Renewed attempt to ban biometric monitoring in public housing
Unhappy with the prospect of turning federally subsidized housing into biometric fishbowls occupied by indigent, elderly and disabled citizens, U.S. representatives have proposed banning sensors on the properties.
The bill is sponsored by Democratic Representatives Yvette Clarke of New York, Rashid Tlaib of Michigan and Ayanna Pressley of Massachusetts.
The new bill would prohibit the owner of certain federally assisted rental unit from using or allowing anyone else to use on-site or remote biometrics systems, including facial recognition setups. It would cover the interior of a unit and any building or grounds that includes the unit.
Qualifying units fall under so-called section 8 and similar federal assistance programs.
At the same time, the sponsors want a report by the Housing and Urban Development department on how and why the technology has been in public housing.
Not incidentally, they would like to know the demographics of those subjected to biometric monitoring and how it may have affected the residents. The concern is if one demographic group of residents is monitored more often than others.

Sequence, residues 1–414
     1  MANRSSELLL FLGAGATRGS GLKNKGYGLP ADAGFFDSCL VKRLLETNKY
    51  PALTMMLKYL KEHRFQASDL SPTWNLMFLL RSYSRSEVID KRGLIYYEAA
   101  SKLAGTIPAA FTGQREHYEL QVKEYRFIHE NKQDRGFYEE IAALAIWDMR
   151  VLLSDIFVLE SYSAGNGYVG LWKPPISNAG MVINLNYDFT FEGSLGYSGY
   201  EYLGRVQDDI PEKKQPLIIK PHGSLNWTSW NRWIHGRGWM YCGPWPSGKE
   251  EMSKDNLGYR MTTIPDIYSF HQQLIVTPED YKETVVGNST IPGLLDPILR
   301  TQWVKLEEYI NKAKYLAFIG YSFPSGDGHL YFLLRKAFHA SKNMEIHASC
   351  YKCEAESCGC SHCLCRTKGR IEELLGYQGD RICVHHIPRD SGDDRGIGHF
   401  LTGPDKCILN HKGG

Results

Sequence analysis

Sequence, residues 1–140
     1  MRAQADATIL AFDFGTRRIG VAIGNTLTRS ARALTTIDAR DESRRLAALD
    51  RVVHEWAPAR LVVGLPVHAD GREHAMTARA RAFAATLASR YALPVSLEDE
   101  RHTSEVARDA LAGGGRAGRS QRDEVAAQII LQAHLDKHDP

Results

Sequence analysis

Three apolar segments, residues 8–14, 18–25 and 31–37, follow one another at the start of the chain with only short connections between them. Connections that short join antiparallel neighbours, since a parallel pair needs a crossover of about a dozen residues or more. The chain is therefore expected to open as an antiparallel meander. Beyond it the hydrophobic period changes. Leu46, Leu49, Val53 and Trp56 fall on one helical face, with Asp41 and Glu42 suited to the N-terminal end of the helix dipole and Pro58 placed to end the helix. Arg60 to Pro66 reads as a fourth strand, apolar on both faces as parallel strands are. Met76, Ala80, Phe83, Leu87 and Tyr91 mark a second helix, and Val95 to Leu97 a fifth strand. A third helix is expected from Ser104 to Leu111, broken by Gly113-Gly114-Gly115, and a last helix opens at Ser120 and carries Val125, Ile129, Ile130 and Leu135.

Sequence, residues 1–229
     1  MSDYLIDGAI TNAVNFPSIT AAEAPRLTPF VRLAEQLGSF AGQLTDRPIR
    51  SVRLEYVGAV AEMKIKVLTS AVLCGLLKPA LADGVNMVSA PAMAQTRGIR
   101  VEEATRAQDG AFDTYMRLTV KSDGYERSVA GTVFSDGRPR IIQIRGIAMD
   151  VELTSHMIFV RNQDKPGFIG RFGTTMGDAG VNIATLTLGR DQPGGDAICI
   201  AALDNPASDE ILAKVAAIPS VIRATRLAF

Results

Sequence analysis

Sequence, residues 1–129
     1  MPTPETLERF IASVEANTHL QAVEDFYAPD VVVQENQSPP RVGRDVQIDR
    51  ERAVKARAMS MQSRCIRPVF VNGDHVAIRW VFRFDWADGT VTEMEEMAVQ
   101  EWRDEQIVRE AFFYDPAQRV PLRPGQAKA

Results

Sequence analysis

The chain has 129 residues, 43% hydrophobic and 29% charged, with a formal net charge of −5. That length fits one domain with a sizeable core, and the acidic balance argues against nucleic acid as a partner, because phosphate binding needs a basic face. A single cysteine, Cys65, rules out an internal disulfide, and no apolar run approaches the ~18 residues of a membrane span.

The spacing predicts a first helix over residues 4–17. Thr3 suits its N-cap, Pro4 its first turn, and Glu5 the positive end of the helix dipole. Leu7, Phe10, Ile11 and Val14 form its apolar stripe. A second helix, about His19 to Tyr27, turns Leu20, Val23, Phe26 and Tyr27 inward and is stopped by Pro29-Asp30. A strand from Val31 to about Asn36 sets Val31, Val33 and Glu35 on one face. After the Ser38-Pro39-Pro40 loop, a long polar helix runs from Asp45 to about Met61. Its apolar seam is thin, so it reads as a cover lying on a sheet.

The federal effort is one of the few such attempts to regulate biometric systems in public housing, (Some states have looked at biometrics used in schools.) but it has not gone unnoticed as an issue.
The Tennessee Lookout, an advocacy journalism outlet, noted earlier this year that Nashville leaders in 2017 passed legislation limiting the use of biometric systems by the city. Judged a half-measure, the publication noted the many agencies and authorities in and near the city that are exempted from the law, including the region’s housing agency.